When Priscilla Royer joined the Chanel-owned Parisian milliner Maison Michel as creative director in 2015, the label was already well- known and the hats were considered as headwear for jet-setters. “Karl Lagerfeld was doing the photos with all his crew of great models and personalities,” said Priscilla Royer. “There was a sense of playfulness in a rock and glamour vibe: lace ears with veil, black fedora, or chain headbands. In the end, Maison Michel is actually part of a whole headwear label – more than just hats. It’s not only about hats anymore, it’s about headbands, ears and caps. It makes it easier for some people who are really scared sometimes to wear a hat.”
The French native is a graduate of Studio Berçot in Paris and then went on to study at Central St. Martins. Royer has worked for Vivienne Westwood where Westwood and and Andreas Kronthaler had her take over creative direction of the Red Label. She also briefly started her own label, Piece d’Anarchive, with her sister in 2012 and won the ANDAM First Collections Prize. The brand closed in 2014.
While Royer has never designed hats prior joining the label she noted that “the artisans are the experts.” “They know everything,” said Royer. “They’ve been working there. For some of them, they’ve been celebrating their thirty years at the company. So I rely on them a lot technically.”
For her, it’s the ideas that are key. “If you have ideas, then you could translate it,” said Royer. “And transform it into jewelry or things like this. It’s just a question of, being open-minded enough to use them and lean on the strengths of the experts.”
The creative director wanted headwear pieces for every type of personality. “The cult of personality is my obsession,” said Royer. “I aimed at putting an unhallowed vibe to the ritual of wearing a hat and make it more like a style statement, and breaking the social codes of hat history was essential to do so. I considered the atelier as a creative laboratory and tried to work on many materials artisans never worked on before, proposed waterproof felt, rollable hats, supple hats, hard bucket hat, and caps.”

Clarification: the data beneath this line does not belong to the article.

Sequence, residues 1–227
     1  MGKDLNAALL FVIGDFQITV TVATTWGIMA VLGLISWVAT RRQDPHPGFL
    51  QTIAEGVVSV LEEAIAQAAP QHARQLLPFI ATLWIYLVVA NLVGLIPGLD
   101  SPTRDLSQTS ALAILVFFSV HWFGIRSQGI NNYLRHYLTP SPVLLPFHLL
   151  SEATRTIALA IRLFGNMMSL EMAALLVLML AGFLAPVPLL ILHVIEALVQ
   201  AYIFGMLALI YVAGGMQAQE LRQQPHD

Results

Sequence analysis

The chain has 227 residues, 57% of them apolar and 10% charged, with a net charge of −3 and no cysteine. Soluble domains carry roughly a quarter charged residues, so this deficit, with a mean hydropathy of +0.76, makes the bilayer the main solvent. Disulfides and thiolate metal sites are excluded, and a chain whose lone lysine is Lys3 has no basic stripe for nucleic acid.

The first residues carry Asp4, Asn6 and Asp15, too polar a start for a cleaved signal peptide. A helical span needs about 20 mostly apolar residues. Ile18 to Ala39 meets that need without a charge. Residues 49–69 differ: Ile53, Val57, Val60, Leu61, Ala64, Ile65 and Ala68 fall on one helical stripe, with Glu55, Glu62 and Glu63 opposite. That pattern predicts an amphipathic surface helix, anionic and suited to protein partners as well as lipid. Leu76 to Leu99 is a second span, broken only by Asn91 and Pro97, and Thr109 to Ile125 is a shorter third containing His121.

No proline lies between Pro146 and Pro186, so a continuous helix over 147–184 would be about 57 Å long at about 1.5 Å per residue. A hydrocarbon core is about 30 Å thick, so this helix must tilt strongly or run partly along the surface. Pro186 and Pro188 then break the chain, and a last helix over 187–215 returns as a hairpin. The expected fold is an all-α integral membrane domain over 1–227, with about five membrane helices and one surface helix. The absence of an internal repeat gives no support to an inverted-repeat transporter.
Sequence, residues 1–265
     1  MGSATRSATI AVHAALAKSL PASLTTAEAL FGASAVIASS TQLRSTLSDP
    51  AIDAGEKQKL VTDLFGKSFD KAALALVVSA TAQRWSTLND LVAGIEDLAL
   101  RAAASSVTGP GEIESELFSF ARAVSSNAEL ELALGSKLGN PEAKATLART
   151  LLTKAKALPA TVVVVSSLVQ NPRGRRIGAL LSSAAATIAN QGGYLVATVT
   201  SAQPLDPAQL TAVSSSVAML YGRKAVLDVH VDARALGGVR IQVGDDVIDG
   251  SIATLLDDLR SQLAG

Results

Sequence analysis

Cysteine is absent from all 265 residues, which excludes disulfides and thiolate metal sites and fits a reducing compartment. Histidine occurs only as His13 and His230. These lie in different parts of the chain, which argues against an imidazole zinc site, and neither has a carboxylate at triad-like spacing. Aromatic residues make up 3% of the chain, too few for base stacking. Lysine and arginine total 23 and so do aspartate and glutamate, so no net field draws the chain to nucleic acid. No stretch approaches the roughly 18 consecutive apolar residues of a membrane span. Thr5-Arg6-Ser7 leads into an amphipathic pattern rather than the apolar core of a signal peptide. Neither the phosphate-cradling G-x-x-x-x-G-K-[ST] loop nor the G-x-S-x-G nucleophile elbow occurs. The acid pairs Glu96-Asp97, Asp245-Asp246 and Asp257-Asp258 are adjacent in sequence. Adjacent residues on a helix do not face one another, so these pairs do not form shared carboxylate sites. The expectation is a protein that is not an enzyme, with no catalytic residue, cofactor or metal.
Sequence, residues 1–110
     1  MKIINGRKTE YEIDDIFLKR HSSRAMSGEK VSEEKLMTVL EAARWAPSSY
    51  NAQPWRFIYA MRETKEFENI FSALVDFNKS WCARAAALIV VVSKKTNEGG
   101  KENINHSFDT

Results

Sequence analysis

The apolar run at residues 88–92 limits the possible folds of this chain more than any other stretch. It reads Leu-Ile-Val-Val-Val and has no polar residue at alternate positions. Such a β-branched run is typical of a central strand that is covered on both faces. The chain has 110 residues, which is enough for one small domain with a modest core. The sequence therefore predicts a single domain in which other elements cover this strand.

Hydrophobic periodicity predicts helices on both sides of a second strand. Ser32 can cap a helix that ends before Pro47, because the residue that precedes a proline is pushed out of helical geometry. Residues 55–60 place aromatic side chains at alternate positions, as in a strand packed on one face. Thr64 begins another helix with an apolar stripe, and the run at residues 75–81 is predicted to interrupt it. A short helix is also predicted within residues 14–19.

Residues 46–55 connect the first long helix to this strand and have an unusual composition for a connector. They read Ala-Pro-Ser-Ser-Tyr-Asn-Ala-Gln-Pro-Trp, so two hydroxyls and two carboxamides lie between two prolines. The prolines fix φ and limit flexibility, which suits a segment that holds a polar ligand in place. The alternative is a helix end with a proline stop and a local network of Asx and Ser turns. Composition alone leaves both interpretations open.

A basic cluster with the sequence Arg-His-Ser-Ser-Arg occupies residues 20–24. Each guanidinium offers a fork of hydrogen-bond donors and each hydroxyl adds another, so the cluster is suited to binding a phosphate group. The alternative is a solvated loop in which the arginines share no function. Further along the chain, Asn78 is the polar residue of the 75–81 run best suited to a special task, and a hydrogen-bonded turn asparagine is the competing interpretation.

Royer said she opened the boundaries and limits when it comes to hats. She said that her biggest contribution to the brand was to create pieces that would work with the wearer’s daily routine. “A sense of modernity and concept,” said Royer. “Because if it’s too precious or too, or intimidating then you’re just scared to wear it. You’re scared to go around with it. So we are working on supple materials and as you have your hat and it’s as easy as wearing like a coat or a piece of jewelry. I am very proud when I see Maison Michel hats worn by strangers on the streets. Also we will be launching a new line called built on very creative technics and shapes to honor the craft world of hat making and millinery.”
The brand has evolved since Royer joined in 2015. “Maison Michel is small so we had to structure the teams and build strong key players in order to develop, sell and produce sensible collections,” said Royer. “After a few seasons, we could already draw in the mainstay of the customers we attracted and those yet still to convert… It’s going in the right direction.”
Royer has worked very closely with the commercial team to understand the buyers needs in terms of collection skeleton, from entry prices to high end exclusive designs.
Her focus now includes to continue to develop new materials and new systems to incorporate headwear into a daily lifestyle which includes styles such as rollable felt and straw, waterproof material, exclusive weaving for straw. She aims to create hybrid pieces such as transforming a supple bucket hat and make it into a hard one in felt. She said she wants to make Maison Michel’s experience more personal with sets of pin’s to personalize your piece or letters to place your initials inside your hat, as well as changeable bands for your navy cap,
In terms of challenges, Royer said having to imagine whole silhouettes to only finalizing and making hats was challenging. “I have found great enthusiasm into going through it, the power of headwear is sociologically fascinating.”
The ‘Virginie’ fedora
The Maison Michel client is varied and pointed the Virginie and the Jamie hats among their bestsellers as well as boater hats, caps and bucket hats. “What I like the most is that we have many types of customers who come for different occasions,” said Royer. “Some want everyday pieces for the rain, some want straws for sun protection, some want formal headwear for special occasion some want to make a statement while other want to hide We also have women who need to match their hat with their coat or bag.”